Consultants David J. Parnell and Patrick J. McKenna found that 93% of respondents to their survey who are from AmLaw 100 firms reported “bullying behavior and lack of respect.”
However, it appears that while the problem is not a secret, little is done to alleviate the situation.
“It is our view that a significant number of firm leaders feel deeply uncomfortable with confronting the inappropriate behavior of their colleagues, thereby delaying or even preventing intervention altogether,” the authors of the Leader’s Pulse Surveys wrote in a piece for Legal Business World
At 41% of the firms in the survey, there was a reported strong enough discomfort among leadership in challenging detrimental actors which led to a delay in addressing the problem.
What is more, when the authors asked whether the discomfort caused problems to completely be unchallenged, they found that such was the case in 1 in 5 of the firms.
“We then went even a step further and inquired as to whether that ‘discomfort was strong enough to altogether prevent leaders from addressing the problem,’ and had a surprising one out of four firms – 22% – freely admit that that was the case,” the authors noted.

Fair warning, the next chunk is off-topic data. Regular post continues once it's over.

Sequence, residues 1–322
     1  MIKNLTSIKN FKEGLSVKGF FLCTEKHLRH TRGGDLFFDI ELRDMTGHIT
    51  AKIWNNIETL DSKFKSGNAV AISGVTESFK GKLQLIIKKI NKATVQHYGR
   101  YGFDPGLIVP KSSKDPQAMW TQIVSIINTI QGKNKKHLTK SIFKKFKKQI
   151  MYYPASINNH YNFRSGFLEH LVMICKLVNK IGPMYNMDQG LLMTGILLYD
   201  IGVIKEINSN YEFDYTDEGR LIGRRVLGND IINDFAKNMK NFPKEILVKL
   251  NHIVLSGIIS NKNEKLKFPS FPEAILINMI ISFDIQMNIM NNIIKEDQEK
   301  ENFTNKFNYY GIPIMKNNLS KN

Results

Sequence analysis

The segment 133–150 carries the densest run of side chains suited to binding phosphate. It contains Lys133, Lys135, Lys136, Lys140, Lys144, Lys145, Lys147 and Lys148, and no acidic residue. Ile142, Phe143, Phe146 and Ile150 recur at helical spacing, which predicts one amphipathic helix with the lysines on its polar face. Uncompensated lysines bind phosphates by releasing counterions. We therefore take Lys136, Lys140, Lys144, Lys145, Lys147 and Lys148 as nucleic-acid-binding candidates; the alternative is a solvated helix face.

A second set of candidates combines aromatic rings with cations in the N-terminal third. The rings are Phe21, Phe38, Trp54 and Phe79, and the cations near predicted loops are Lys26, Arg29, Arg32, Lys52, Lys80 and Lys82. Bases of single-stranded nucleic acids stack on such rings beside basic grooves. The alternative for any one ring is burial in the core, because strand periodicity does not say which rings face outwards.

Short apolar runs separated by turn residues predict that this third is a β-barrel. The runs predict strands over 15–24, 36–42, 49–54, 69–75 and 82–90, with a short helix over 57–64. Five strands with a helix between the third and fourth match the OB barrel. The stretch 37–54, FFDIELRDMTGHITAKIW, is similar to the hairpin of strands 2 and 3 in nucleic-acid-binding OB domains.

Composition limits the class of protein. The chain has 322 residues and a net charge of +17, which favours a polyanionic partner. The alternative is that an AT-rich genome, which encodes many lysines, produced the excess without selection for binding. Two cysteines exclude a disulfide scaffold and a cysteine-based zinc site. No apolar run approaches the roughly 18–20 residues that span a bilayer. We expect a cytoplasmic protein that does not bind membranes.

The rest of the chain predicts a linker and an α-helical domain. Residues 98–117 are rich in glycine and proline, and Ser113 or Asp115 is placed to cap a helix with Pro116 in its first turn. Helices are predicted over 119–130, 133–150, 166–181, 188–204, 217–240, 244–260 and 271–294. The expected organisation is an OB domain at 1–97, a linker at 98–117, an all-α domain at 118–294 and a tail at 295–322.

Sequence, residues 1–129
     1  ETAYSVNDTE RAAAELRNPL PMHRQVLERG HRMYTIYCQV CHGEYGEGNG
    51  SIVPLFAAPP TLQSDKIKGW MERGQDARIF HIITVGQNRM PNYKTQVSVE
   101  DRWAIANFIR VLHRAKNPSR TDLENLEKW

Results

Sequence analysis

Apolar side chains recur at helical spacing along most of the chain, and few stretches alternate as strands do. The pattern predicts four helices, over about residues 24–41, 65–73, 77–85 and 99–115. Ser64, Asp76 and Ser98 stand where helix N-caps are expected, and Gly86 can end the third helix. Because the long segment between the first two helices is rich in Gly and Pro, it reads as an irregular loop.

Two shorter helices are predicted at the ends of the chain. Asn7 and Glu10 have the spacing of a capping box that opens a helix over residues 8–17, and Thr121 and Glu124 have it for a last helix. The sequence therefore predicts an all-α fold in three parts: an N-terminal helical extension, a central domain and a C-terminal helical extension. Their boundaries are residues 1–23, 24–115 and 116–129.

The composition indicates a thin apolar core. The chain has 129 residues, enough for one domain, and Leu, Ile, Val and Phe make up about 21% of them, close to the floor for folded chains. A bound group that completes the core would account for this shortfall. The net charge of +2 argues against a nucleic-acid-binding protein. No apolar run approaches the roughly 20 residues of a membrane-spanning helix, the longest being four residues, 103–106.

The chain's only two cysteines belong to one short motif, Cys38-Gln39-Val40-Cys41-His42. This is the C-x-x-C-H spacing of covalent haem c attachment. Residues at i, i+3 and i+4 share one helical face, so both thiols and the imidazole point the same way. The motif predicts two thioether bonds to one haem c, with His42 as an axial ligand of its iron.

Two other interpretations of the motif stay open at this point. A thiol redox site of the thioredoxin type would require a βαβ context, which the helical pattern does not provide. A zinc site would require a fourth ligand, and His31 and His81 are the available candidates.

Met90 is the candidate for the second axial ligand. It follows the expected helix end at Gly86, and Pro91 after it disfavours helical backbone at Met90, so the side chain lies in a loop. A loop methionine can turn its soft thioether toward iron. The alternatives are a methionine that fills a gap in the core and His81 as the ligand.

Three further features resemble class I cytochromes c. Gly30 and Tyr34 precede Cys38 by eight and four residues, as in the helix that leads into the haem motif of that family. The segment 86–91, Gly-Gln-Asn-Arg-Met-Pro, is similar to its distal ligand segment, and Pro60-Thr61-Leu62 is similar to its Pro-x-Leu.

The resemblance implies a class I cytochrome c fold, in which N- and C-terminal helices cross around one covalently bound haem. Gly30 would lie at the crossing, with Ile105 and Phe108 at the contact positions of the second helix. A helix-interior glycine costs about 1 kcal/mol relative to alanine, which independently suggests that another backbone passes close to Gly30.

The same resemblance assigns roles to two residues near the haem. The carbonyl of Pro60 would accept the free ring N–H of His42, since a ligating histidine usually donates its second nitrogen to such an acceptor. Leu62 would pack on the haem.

Bullying and lack of respect tied with “poor matter management habits like getting in time, etc.” and “not being a team player with a ‘me-first’ personal agenda” for the top spot among AmLaw 100 respondents.
The study gathered 124 respondents from law firm both in and out of the AmLaw 100.
From all the respondents, the top five problems identified are: “bullying behavior and lack of respect” (by 89% of respondents); “not being a team player with a ‘me-first’ personal agenda” (84%); “poor matter management habits like getting in time, etc.” (80%); “failure to achieve work quality standards” (76%) and “negative attitude infecting others” (69%).
Privilege boosts gender bias for law firm applicants
There’s ‘pervasive’ BigLaw equity partner demotion, says consultant
While bullying is rampant in American BigLaw firms, those in leadership roles are not addressing the issue, a new survey has found.